Mould can grow on a wide range of different organic materials, such as textiles, leather, paper, and also wood. Mould is not a description of a particular fungus species, but an umbrella term for all fungal mycelia and their spore carriers growing on the surface of a given material.
On wood, mould usually populates the surface and feeds on freely available sugars and other organic substances. It doesn’t destroy the substance of the wood and causes no structural weakening. However, the discolouration caused by mould can lead to a considerable loss in value for many wood products. In addition, mould spores released into the air can pose a serious health risk, especially when mould occurs indoors.
What kinds of mould can grow on wood?
There are currently 20,000 known mould fungi. Those occurring on wood belong to the Deuteromycetes, Acomycetes or Zygomycetes groups. Important species are: Aspergillus, Penicillium, Trichoderma, Epicoccum, Mucor and Fusarium.
How is the wood attacked?
Mould fungal spores can be found in the air everywhere. To germinate on any substrate, they need sufficient moisture and warmth. The absolute moisture content is not decisive, but the amount of freely available water in the substrate. Wood is a hygroscopic material and absorbs moisture from the air. If wood is stored in a relatively humid environment for a longer period, it absorbs sufficient moisture to enable fungal spores to germinate.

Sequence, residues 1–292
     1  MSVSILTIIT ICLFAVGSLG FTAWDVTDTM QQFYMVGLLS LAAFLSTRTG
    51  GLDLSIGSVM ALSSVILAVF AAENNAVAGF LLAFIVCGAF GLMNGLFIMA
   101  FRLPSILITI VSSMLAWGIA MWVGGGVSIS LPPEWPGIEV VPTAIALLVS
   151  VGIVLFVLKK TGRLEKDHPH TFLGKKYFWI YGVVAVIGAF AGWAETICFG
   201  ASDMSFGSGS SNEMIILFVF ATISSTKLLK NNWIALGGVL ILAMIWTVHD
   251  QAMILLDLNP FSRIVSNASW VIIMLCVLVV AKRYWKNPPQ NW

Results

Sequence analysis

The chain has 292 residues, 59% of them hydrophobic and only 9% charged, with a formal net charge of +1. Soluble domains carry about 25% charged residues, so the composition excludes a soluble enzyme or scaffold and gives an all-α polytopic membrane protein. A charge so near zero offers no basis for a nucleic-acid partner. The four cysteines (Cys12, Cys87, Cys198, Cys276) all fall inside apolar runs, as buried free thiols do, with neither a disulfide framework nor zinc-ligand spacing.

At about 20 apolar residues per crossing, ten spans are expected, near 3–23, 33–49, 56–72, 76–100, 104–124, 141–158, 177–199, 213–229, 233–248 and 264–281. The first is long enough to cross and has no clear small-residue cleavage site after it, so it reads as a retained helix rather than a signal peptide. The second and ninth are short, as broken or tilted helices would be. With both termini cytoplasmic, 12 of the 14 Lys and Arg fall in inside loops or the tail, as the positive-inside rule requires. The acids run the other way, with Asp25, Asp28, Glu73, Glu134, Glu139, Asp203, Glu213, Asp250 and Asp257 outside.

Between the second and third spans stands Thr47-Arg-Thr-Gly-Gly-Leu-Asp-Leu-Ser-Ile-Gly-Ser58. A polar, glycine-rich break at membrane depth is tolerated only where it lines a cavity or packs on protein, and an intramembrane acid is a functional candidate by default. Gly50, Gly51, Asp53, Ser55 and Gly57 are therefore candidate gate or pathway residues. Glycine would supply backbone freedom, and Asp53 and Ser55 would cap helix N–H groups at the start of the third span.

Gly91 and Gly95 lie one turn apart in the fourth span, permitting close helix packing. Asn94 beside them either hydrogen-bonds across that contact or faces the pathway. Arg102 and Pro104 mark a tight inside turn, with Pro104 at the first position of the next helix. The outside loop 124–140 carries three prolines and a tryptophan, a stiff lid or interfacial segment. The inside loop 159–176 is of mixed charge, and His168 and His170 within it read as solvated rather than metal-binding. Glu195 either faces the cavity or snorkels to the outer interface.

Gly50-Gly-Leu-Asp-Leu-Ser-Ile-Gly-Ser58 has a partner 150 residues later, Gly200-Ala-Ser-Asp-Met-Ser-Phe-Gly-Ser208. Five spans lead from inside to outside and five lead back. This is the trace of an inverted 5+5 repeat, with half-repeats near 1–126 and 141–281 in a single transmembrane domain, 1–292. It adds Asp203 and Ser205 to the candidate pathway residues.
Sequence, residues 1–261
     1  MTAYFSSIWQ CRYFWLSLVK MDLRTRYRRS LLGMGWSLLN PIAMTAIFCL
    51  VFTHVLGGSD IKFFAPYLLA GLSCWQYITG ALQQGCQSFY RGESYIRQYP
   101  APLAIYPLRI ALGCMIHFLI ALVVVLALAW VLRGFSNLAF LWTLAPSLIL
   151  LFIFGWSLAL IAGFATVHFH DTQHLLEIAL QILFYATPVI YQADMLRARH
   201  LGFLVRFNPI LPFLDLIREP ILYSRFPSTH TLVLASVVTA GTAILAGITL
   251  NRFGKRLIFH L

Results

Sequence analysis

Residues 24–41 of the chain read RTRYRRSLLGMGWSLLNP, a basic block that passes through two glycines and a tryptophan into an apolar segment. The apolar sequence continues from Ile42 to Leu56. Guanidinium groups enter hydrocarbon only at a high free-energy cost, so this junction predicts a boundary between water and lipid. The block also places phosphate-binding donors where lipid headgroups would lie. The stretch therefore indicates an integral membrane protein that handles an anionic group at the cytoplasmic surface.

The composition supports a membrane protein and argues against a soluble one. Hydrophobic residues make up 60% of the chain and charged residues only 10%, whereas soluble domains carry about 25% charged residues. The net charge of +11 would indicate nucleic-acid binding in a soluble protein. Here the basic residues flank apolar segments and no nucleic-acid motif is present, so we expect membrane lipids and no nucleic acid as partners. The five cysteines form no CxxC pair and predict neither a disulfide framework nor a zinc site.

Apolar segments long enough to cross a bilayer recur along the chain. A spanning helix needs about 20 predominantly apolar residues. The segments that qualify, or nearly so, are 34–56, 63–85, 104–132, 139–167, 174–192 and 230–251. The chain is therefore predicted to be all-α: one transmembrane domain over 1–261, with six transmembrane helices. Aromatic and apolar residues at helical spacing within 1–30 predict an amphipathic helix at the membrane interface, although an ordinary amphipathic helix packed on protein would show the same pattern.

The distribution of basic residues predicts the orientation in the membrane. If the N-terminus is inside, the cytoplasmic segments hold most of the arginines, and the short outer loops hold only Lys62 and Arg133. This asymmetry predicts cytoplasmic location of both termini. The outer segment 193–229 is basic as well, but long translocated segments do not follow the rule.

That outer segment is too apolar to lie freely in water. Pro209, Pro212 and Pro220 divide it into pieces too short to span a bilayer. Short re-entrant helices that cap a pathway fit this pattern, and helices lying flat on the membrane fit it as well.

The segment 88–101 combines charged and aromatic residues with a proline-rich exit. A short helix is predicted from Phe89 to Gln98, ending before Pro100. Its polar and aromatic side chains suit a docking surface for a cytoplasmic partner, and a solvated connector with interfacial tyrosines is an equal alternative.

The continued growth of the mould is influenced by substrate moisture, relative humidity, temperature and the available nutrients contained in the substrate. For example, mould grows quickly on the cut ends of freshly felled trees. Particularly at risk here is the sapwood, because the available nutrients are found in its rays. Badly stacked and stored rough sawn timbers also allow mould to grow quickly, as does timber that is insufficiently dried and stored in air-tight storage containers, such as wood being transported in the cargo holds of ships.
What damage can mould do?
Mould initially attacks only the surface of the wood but can, during the course of its development, penetrate a few millimetres into the wood’s interior. The hyphae are colourless so mould does not lead to any discolouration. The coloured spores, however, do lead to stains on the wood’s outer surface that cannot always be washed off completely, leaving so-called mould stains. Though these stains reduce the value of the wood, they can be removed by planing if necessary.
How can mould be prevented?
To prevent mould and infestation from other wood-staining fungi, freshly cut timbers must be dried quickly. When stored in saw mills, the risk of mould infestation in freshly cut timber is especially high. Temporarily effective, environmentally compatible anti-sapstain products protect the wood during the drying phase and prevent massive losses in its value.